Tel: 01-2960099; anandarestaurant.ie
INDIA has a population of 1.3 billion people, 122 major languages and around 1,600 other languages and before independence it had 600 separate states, it seems almost offensive to blandly call its huge number of cuisines ‘Indian’.
Nearly every town in Ireland has an Indian restaurant or takeaway these days but their menus are virtually interchangeable with the same mix of familiar dishes (mainly Punjabi). In Ananda you will see the odd familiar word (korma, kebab) but they are trying attempting something far more ambitious, don’t be fooled.
I’ve eaten in Ananda several times but somehow this is my first time reviewing them. The room is attractive and comfortable, staff are welcoming and supremely efficient, but the food is the best reason to go. Today I’m reviewing the a-la-carte but do consider the Tasting Menu as it is a thing of wonder and costs a reasonable €60 per person or €99 for a well chosen matching wine with each immaculately presented course.
Head Chef Sundeep Bhagat oversees Ananda’s menu as well as the menus in their sister restaurants Jaipur Dalkey and Malahide and Chakra in Greystones but each restaurant also has a head chef and dishes of their own — Ananda has the hugely talented (and ridiculously young) Karan Mittal.
I visited with a wine industry friend we shall call Ballerina and we began our meal with (110ml) glasses of Veuve Clicquot Champagne for the very fair price of €13. The Champagne was a fine match for the poppadom and contrasting selection of dips — lemon and mustard, cumin and apple, tamarind and an intriguing mustard flavoured yoghurt.
On a previous visit the wines matching the tasting menu were thoughtfully chosen but looking at the wine list more thoroughly for this review I found it a little lacking in excitement. It’s a solid list with a broad selection of wines but with food at this level I would like to see some creative choices — an Austrian Zweigelt or a Spanish Mencía for example — both of which would match the food perfectly. Having said that our Bouchard Fleurie at €36 was fairly priced and worked well.
Ballerina’s starter of Tawa Scallops with Cauliflower Korma and textures was beautifully presented and the sweet scallops were matched with creative flavours including fruity and lightly pungent chorizo from Goa (a former Portuguese colony).
I chose a popular North Indian street-food called Jaipuri Raj Kachori — a Puffed Semolina bun stuffed with black gram lentil dumplings, crispy potato vermicelli, soft onion, tamarind and sweet and sour chilli which is then drizzled with yoghurt. The dish is served cold but is zingy and refreshing with wonderful complex textures and flavours from the tang of the tamarind, a bit of heat from the chilli, sweetly tart pomegranate seeds, crisp lentils and potatoes and tender black chickpeas adding depth.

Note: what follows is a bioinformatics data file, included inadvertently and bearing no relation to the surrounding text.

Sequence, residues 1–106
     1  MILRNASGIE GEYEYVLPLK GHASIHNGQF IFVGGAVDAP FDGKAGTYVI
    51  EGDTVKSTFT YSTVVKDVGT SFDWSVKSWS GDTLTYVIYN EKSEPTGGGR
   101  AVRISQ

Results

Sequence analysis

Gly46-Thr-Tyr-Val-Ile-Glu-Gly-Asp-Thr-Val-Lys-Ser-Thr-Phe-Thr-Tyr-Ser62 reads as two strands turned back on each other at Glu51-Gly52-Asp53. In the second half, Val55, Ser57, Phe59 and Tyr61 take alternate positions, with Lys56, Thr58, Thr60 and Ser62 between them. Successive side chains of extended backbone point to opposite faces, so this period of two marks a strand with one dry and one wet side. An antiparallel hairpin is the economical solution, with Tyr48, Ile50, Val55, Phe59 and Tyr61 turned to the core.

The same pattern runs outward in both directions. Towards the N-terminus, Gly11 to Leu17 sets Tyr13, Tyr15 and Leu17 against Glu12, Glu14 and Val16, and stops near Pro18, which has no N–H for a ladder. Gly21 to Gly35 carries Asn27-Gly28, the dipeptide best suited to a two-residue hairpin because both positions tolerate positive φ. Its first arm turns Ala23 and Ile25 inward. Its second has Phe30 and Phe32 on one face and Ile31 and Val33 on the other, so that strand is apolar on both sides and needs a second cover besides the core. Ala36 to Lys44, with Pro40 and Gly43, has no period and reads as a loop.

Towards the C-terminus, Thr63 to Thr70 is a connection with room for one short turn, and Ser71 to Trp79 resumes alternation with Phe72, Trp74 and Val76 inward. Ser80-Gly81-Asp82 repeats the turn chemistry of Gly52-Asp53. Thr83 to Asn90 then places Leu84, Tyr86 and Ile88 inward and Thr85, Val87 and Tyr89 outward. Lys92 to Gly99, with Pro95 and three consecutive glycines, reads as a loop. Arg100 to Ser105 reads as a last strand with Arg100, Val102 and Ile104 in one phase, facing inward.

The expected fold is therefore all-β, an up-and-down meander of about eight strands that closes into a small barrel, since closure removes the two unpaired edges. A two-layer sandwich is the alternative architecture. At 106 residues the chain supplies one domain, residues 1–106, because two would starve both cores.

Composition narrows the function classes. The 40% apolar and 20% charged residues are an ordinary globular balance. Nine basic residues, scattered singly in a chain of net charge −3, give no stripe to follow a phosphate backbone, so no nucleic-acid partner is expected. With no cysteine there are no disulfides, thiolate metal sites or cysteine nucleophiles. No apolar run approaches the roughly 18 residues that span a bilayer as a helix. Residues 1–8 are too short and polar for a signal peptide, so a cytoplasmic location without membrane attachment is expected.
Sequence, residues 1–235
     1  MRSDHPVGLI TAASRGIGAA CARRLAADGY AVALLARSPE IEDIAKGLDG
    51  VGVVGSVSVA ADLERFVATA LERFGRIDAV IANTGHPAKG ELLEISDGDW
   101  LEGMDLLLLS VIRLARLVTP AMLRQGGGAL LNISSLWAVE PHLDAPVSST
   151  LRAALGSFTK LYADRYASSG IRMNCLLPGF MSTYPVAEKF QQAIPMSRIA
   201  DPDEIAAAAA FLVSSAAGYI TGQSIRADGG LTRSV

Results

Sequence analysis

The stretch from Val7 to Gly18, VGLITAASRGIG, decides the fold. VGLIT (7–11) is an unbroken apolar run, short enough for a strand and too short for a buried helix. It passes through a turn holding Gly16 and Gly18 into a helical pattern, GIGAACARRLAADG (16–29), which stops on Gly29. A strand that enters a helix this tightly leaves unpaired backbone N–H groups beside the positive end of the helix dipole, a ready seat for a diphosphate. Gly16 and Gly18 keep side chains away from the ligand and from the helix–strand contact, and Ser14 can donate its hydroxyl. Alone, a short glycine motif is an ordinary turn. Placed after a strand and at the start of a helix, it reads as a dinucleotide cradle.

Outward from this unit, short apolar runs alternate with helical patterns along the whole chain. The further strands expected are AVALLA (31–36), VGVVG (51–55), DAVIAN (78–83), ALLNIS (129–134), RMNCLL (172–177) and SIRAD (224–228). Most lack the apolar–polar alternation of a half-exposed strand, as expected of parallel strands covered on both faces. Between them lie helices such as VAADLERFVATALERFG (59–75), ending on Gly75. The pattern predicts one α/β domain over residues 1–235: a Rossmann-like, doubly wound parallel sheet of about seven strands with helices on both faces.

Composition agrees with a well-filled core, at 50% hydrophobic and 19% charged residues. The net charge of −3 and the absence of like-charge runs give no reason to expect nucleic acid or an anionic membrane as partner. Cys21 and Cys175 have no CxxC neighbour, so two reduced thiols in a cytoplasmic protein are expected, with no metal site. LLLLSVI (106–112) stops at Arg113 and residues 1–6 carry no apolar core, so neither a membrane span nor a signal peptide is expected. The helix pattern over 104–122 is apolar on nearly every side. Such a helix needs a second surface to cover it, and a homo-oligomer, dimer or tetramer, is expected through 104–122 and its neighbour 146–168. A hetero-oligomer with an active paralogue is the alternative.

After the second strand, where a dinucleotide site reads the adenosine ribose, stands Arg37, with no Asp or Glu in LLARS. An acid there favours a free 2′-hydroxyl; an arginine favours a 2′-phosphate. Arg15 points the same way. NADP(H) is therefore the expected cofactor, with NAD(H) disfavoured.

Mughlai Korma Chicken — a boned and rolled chicken stuffed with rose petals, wild mushrooms, pistachio, saffron and cardamom was fragrant and creamy but also subtly warming and cleansing.
I chose the Ananda Masahari Thaali which is intended to be a mini-banquet meal for one with a selection of meat, prawn and chicken dishes — yoghurt marinated tandoor cooked chicken, lamb with rogan marigold flower dust, fried potatoes with turmeric and cumin, prawns in a coriander and mint sauce and of course garlic-coriander-onion Naan.
And of course Dal, no Indian meal is complete without a Dal. Here it was Dal Tadka — yellow lentils spiked with exotic Jhakia seeds from the wild spider flower which is only found in the Himalayas. The seeds provide a spicy kick of heat to balance the languorous silky lentils.
Rose petal scented Kulfi has to be one of the prettiest desserts I’ve seen all year, a perfect dome of Kulfi dotted with tiny shards of dehydrated raspberry and surrounded by flower petals, coconut, pistachio and basil seeds — all providing subtle flavours and textures to match the intoxicating rose water fragrances in the Kulfi.
It is of course impossible to sum up the cuisines of a subcontinent with a billion people in one restaurant but Ananda tries hard, offering glimpses into the huge diversity that is India. This is ambitious and hugely accomplished cooking, beautifully presented dishes and gorgeous flavours — treat yourself.
Dinner for two including starters, mains, side dishes, a shared dessert, two small glasses of Champagne and a bottle of Fleurie, €158
Lunch: 12.30pm-2.30pm, Friday, Saturday, Sunday
Dinner: 5.30pm-10.45pm, Monday- Saturday; 5.30pm-9.30pm, Sunday;
In a sentence: A complex and fascinating Indian meal with several dozen flavours to savour, all wonderful.